There was advice to improve competition, but TM and LDz ignored them. Reasons why LDz Cargo is fined EUR 5.7 million

Latvia’s Competition Council (KP) has fined SIA LDz Cargo EUR 5 694 174 for violations of competition. Latvijas dzelzceļš (LDz) as the holder of 100% of shared in SIA LDz Cargo is expected to take responsibility for the payment of the fine, as KP reports.

KP found that since 2007 SIA LDz Cargo has been abusing its dominant position on the market, making competitors’ operations on Latvia’s railway freight market more difficult by using varied pricing practice for its own and competitors’ freight transports and even terminating transport contracts close to the Russian and Belarusian borders, as well as unjustifiably setting a fee for downtime of privately owned freight wagons on public railroads.

In 2007, to prevent a situation when the railway infrastructure manager also provides cargo transport services, which is something that can be done by private businessmen, the previously commenced reorganization of LDz had been finished. As a result of this reorganization, its subsidiary LDz Cargo took over cargo service operations. Currently there are four companies that provide railway freight services in Latvia. However, between 2007 and 2020 SIA LDz Cargo has held 70-80% of the total railway freight market in the country.

At the press-conference held on Wednesday, 3 February, KP chairman Juris Gaiķis admitted that complaints regarding unfair practices were received a long time ago.
It should be noted that in regards to the final decision LDz claimed KP did not act in accordance with the principle «consult first», but this is not true. Gaiķis said in 2012 KP had already commenced a case that did not result in a penalty, rather recommendations for LDz to refrain from abuse of power in regards to fees. Transport Ministry even warned LDz council of market distortion.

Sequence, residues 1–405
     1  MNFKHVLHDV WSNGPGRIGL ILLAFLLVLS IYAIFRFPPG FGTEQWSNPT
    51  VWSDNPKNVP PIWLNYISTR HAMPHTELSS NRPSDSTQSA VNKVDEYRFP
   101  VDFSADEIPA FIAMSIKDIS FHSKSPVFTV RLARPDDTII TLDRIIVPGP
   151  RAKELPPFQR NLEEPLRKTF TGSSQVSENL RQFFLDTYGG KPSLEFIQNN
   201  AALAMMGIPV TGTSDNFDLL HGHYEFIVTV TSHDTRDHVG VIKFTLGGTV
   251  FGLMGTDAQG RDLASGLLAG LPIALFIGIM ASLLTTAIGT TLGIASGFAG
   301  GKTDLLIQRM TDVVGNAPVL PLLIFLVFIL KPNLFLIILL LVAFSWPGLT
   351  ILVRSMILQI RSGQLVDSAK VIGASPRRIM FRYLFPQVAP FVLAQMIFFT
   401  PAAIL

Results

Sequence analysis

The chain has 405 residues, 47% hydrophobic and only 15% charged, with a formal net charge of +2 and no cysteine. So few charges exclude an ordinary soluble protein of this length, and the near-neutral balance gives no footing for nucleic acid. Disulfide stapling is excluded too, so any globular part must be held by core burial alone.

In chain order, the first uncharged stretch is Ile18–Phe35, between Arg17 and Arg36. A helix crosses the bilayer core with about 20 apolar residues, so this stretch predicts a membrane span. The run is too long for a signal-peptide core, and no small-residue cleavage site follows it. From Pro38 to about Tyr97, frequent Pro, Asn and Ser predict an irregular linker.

Consultations with LDz and LDz Cargo had been performed in regards to previously received complaints. They were held with both Latvia’s Transport Ministry and European Commission. However, what was mentioned by KP in those consultations was not taken into account. This is why the case was commenced in 2018 and a respective decision was made in the end, explains Gaiķis.
When asked how the case evaluates the responsibility of specific people, Gaiķis noted that it is not a question for KP to answer as to how losses will be compensated in any company or its subsidiary. «LDz Cargo is a profitable company with a considerable turnover, from which the fine was calculated. This is why the fine has been applied for LDz Cargo. The payment of the fine is the responsibility of LDz Cargo and its parent company.»

Different pricing practices for own and competitors’ clients

To ensure international railway freights to and from Russia and Belarus, it is necessary to pass through the border railway stations in Kārsava, Zilupe or Indra. However, stations that are used to process international freights are located 50-90 km away – in Rezekne and Daugavpils.
Historically freight arrival and departure services from border stations all the way to the stations in Rezekne and Daugavpils have been performed by Latvian Railway. After the company’s reorganization, however, this service was delegated to SIA LDz Cargo.
As a result, the clients who wish to send or receive cargo through Latvia, have to work with SIA LDz Cargo, which is not subjected to competition pressure and is able to freely set fee amounts.
Considering all that, SIA LDz Cargo provides its clients, who use the company’s services along the entirety of its route, not just along the border, with different benefits – such as discounts and other preferential bonuses, KP explains. Clients who entrust their freights in Latvia to one of the three private service providers, SIA LDz Cargo applies with standard tariffs for services along the border, the council notes.
«Additionally, in situations when clients want to switch from LDz Cargo to any of its competitors, SIA LDz Cargo terminates the previously beneficial contract and also applies them with standard tariffs, which increases costs along the entire route.» KP believes as a result of such operations clients it becomes uneconomical for clients to pick SIA LDz Cargo competitors, which obstructs the entry of new service providers to the market and distorts competition among existing companies, as well as influences consumers’ freedom of choice.